The project identified the material requirements for fiber reinforced composites used as internal reinforcement for concrete bridge decks and recommended test methods for evaluating these composites.
Corrosion-induced deterioration of reinforced concrete bridge decks is a common and costly problem in the United States. To address this problem, there have been efforts in recent years to develop and evaluate alternatives to conventional steel reinforcement, such as epoxy-coated reinforcing steel, nonmetallic reinforcement, and other materials. One of these alternatives--FRP--has been used successfully in many industrial applications and more recently has been introduced as concrete reinforcement in bridge decks and other structural elements. While the use of FRP composites as reinforcement for concrete bridge decks provides a potential for increased service life and economic and environmental benefits, current standards and test methods do not account for the properties of FRP composite reinforcement and their relationship to performance. Therefore, there is a need to identify or develop performance-related tests to characterize and evaluate FRP composites and to recommend acceptable procedures for testing and selecting FRP composite reinforcement for use in concrete bridge decks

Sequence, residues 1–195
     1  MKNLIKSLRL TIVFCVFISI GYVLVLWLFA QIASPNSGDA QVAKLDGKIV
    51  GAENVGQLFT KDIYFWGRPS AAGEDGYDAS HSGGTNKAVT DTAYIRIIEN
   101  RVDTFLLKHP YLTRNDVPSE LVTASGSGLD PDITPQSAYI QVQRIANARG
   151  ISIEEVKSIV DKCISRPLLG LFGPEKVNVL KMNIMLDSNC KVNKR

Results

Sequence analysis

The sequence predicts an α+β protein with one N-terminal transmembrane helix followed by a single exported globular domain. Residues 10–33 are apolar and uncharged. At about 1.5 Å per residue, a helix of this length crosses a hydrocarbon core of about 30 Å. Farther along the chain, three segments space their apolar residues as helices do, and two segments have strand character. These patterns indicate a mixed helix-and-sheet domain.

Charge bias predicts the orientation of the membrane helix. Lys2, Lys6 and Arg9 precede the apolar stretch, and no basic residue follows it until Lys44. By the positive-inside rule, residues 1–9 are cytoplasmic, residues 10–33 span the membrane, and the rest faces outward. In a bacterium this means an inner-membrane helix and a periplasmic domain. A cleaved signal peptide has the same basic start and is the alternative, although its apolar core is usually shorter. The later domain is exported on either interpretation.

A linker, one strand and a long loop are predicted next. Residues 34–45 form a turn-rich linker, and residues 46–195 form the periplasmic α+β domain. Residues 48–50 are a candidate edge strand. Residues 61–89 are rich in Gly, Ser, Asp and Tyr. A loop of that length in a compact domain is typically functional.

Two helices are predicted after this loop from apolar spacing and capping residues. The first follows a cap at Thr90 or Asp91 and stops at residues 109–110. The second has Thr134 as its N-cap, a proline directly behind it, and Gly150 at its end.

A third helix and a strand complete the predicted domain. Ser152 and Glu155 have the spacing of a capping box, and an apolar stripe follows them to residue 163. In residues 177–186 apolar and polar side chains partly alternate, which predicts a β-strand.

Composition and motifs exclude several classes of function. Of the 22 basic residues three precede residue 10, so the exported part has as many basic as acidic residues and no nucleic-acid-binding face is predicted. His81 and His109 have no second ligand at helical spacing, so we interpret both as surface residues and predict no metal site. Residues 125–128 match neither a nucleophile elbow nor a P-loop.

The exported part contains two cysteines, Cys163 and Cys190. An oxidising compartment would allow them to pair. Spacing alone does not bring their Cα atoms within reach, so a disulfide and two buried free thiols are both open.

The research included a review of current practices regarding the use of FRP composites for concrete bridge deck reinforcement, performance of laboratory and analytical investigations, monitoring of in-service bridge deck installations, and identification of protocols for the evaluation of FRP composites. The research was limited to FRP rods and grids used for deck reinforcement; it did not deal with other forms of FRP composites or prestressed concrete decks. NCHRP Research Results Digest 282
provides a summary of the work performed in this research.